• Claudia Hirtenfelder

Animals and their Claim to the City

In the first episode of Season 3, I speak to Marie Carmen Shingne about the concept 'Right to the City' and we use it as a launching pad to consider who has legitimate claims to urban space with an express focus on animals. In this blog post, I unpack some of the tenets of Right to the City and flag some important ideas from Marie's paper "The more-than-human right to the city: A multispecies reevaluation"




Right to the City?


'Right to the City' is a concept that first emerged in Henri Lefebvre's 1968 book Le Droit à la ville and it has since been used in a variety of social movements as a means of claiming and changing urban space. It works to challenge the notions of who the city is for and the taken-for-granted ways in which it has not only been built but also conceived of.


Prominent Geographer David Harvey (2003) notes that one's 'right to the city' is not merely access to what the city already has on offer - but to also an ability to change and alter the city - to reimagine and remake it. He highlights how cities are perpetually changing and that the fast pace of urbanization has often led to a lack of reflection as to to the ways the city both shapes and is shaped by our relations:


"We individually and collectively make the city through our daily actions and our political, intellectual and economic engagements. But, in return, the city makes us." (Harvey, 2003)

Harvey (2003) considers how conceptions of justice, even utopian ideals, have contributed to these relations and are indispensable because "Outrage at injustice and alternative ideas have long animated the quest for social change." He cautions, however, that such ideals need to be contextualized and an claim to a right must be unpacked - notably he flags how rights have become individuated and increasingly collapsed with claims to private property and capital accumulation. Harvey exclaims:


"If this is where the inalienable rights of private property and the profit rate lead, then I want none of it. This does not produce cities that match my heart's desire, but worlds of inequality, alienation and injustice. I oppose the endless accumulation of capital and the conception of rights embedded therein. A different right to the city must be asserted."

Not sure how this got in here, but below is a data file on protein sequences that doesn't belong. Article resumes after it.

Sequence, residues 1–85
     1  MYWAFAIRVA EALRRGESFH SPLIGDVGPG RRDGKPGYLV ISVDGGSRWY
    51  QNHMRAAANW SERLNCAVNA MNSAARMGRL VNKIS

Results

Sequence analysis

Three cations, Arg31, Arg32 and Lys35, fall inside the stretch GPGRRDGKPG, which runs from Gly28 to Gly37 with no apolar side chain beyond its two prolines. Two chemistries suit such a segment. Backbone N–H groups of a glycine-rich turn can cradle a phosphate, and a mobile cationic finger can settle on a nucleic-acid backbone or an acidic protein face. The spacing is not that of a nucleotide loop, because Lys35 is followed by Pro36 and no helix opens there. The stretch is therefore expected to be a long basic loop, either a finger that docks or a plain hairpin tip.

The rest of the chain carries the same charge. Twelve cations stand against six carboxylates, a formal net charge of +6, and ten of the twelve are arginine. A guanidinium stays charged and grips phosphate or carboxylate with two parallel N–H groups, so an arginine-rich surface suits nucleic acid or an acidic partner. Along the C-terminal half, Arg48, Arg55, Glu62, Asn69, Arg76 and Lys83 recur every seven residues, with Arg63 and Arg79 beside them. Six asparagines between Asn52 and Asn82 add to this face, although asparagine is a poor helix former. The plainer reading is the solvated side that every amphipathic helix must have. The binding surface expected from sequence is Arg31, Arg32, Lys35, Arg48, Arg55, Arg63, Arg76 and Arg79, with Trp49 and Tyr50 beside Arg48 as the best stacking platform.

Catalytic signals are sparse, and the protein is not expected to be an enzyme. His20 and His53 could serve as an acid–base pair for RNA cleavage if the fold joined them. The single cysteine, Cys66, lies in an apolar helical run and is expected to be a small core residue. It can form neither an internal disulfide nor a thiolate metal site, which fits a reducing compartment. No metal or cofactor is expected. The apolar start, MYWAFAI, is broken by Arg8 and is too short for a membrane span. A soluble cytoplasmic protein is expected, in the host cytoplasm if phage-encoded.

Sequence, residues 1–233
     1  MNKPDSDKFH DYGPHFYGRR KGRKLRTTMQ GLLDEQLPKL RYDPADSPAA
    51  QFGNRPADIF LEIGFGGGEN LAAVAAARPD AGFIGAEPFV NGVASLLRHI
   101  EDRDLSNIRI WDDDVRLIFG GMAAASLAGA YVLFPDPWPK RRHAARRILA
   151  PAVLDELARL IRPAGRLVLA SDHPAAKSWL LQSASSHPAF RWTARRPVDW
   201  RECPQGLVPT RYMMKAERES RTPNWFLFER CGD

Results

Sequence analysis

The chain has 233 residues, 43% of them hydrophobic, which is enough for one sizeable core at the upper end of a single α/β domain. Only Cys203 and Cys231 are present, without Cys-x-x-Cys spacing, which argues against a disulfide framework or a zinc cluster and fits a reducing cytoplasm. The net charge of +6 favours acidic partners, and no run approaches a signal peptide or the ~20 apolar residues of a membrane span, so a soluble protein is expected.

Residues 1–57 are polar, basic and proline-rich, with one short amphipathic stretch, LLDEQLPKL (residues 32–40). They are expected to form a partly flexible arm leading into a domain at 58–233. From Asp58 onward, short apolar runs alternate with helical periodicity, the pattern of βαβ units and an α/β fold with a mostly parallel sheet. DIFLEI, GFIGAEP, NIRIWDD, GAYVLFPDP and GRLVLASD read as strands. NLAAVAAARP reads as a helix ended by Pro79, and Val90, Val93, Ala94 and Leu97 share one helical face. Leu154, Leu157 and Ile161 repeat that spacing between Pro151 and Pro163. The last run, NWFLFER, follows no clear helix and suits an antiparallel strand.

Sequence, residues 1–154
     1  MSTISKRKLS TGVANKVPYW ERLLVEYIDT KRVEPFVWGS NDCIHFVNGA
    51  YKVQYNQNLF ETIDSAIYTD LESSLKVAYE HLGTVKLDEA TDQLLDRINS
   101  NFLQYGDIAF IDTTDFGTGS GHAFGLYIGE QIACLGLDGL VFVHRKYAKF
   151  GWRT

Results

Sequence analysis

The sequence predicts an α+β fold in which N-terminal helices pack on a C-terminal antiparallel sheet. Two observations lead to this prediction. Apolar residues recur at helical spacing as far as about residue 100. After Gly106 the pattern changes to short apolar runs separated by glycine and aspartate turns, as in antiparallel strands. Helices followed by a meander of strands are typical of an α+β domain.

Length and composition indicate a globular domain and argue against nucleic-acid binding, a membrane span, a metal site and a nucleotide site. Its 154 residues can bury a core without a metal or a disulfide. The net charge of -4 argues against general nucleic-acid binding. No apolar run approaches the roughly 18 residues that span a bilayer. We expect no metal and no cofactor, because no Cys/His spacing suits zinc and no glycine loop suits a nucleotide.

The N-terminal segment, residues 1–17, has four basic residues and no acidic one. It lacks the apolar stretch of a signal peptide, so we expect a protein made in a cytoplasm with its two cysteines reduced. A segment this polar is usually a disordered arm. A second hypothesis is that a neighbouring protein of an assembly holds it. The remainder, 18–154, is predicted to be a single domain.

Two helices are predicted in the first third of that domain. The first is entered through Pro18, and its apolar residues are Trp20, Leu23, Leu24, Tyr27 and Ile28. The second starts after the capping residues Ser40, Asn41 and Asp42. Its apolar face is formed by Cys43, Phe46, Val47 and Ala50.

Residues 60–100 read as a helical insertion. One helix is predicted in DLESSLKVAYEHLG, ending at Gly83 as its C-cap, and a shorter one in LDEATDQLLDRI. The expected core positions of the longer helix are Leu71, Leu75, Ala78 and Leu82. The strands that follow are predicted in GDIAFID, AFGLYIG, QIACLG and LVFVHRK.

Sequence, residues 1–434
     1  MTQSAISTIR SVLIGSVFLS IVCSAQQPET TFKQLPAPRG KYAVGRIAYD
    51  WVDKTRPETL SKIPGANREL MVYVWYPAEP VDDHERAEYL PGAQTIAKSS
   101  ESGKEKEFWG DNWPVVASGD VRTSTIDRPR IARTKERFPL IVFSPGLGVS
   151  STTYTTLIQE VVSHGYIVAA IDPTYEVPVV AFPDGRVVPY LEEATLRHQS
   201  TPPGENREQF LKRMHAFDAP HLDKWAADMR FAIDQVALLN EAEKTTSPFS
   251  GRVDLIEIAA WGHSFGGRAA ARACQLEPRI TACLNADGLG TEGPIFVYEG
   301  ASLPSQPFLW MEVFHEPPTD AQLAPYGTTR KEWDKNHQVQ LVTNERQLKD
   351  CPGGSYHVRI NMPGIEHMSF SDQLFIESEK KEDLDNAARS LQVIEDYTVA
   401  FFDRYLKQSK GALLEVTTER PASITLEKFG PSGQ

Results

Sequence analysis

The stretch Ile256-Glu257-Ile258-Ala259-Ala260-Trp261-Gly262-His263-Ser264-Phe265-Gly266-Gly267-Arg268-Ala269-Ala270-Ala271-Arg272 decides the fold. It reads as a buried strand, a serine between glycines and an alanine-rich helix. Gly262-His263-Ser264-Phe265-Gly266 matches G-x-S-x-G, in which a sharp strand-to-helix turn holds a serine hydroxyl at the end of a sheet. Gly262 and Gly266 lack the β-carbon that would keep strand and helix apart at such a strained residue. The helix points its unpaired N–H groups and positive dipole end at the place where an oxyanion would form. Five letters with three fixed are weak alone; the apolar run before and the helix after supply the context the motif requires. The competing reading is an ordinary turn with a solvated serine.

He finishes noting that a new urban space, one that is more democratic and inclusive requires a reduction in privatization and a city imagined and practiced through different political-economic practices because "If our urban world has been imagined and made

then it can be re-imagined and re-made".


Whether or not Harvey (2003) conceptualized of nonhuman others as forming part of his 'us' in the reimagining of cities is unclear but 'Right to the City' does offer a tantalizing opportunity to rethink cities as well as how numerous property relations have shaped them. Animals are not persons in the law, but property and the ways in which they have belonged in and lived in cities continue to be shaped by this property status. How could changing this status of animals shape the city? What would the city look like if animals were not things and property to be managed but urban residents to be considered?


The More-Than-Human Right to the City


Marie Shingne's paper "The more-than-human right to the city: A multispecies reevaluation" starts this reimagining by asking three questions and extending them to animals - whose right? what right? and which city?


In short, the answer to these questions highlight how unequal power relations have privileged the neoliberal needs and wants of a few urban residents often ignoring those of disenfranchised groups like those humans living in informal settlements and animals.